Again, there could have been a number of reasons why that play went wrong, but the simple fact that Neto just looks more comfortable passing the ball — and his track record alludes to this — you should expect to see him giving up the rock more than cutting nets.

And don’t forget about his pick-and-roll game. This is probably where Neto will do most of his damage, especially with bigs like Rudy Gobert and Derrick Favors down low. On this play, Neto takes the screen from the seven-foot Frenchman to open up some operating space.

While Gobert did roll and may have even had a shot at a bucket in the paint, Neto used his vision to kick the ball out to Chris Johnson, who drove it in for a relatively easy layup. It seemed like Neto saw the lane for his teammate in Johnson. Though the easier play may have been to dump it down to Gobert, Neto read the defense and made a solid play to lead to a quick two points for Utah.

Neto's defensive skills are the main reason he will keep his position in the NBA. The second he steps onto the floor, you can tell that he is a high-energy player and for that reason alone should bring excitement to the Jazz fan base.

He also has very active hands, evident by his four steals in the preseason opener in Hawaii and will make opposing guards earn everything they get.

That said, there is a learning curve for Neto in his conversion to the NBA, and it will take some time getting used to. On this play, Neto gets switched up on a screen to cover wingman Allen Crabbe. Given the latter has a few inches on Neto, Crabbe is hardly Kyrie Irving when it comes to his handles, yet was easily able to shake Neto and cross him up for the good look at the hoop.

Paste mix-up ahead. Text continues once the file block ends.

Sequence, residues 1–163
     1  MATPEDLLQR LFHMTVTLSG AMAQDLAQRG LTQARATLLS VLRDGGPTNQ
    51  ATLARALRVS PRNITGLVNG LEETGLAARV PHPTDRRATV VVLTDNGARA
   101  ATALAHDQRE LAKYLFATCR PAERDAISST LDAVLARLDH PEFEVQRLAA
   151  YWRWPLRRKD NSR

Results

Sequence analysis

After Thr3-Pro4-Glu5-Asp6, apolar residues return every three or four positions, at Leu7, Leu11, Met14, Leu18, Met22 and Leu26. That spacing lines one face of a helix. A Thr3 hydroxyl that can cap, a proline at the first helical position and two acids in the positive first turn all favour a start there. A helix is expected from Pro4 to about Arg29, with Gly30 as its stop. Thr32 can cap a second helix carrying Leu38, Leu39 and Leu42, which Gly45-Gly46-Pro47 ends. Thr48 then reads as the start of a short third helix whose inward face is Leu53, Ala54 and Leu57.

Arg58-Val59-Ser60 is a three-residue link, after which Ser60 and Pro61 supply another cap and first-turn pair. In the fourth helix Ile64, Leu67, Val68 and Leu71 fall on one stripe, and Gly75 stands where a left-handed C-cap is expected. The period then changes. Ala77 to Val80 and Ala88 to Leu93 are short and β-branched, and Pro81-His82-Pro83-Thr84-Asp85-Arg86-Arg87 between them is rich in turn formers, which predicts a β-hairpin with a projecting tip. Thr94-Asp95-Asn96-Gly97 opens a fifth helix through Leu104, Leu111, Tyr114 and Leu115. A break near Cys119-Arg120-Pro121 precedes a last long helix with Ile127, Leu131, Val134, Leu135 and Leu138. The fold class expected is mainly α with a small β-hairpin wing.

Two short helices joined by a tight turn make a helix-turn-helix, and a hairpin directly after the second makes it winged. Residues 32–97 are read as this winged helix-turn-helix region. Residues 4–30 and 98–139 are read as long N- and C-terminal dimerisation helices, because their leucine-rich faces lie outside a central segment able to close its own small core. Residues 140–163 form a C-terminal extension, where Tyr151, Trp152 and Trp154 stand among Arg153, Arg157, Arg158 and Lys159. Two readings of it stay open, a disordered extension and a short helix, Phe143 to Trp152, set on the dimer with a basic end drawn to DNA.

Additionally, on this next play, Neto is so locked in on defending Portland’s CJ McCollum, it’s almost as if he didn’t see the screen from 6-foot-11, 225-pound Ed Davis coming up on his left side. Neto ran right into the screen, allowing McCollum to run free and get the easy look from the free-throw line.

Look, everyone gets screened. Not a big deal, but this happened on a number of occasions at EnergySolutions Arena on Monday. Sometimes, you just bite on that crossover or get caught up in a screen, but this is a little alarming moving forward just because of the strength of the point guard position in the West.

Neto will have to go against the likes of Chris Paul, Stephen Curry, Russell Westbrook, etc., at times, and the skill set of those players far surpasses that of McCollum. No disrespect to McCollum, who may develop into a fine player for Portland, but Neto will definitely need some time to adjust to the speed, strength and size of his new league (see next play for example).

While all of that will take time to get used to, Neto is easily the strongest defending point guard on this Utah roster. He’s pesky and wily, and can make opponents lives a lot harder than what they were probably hoping heading into the matchup.

Though adjustments will be necessary, Neto has already begun to correct some of the mistakes he has made, even in-game. As we saw earlier, Neto is still getting acquainted with the speed of the NBA game, but on this next play, he shows that with time, he can adapt.

Here, Neto gets screened again, but this time he is able to fight over it and stay with McCollum. This forces the former Lehigh product to give up the rock briefly before getting it right back. But those fast hands by Neto disrupted McCollum’s flow and forced him into an ill-advised shot.

Sure, the shot almost went in, and maybe it’s not a terrible look for the best Blazer player on the floor at the time, but Neto sure made that one difficult shot for McCollum.

So there you have it. I’m sure as the preseason and season move along, we will find out more and more about the Jazz new point guard. But for now, get used to seeing Neto as a pass-first, defensive-minded point guard, which may be just what Utah needs heading into the regular season.

Twitter: @GriffDoug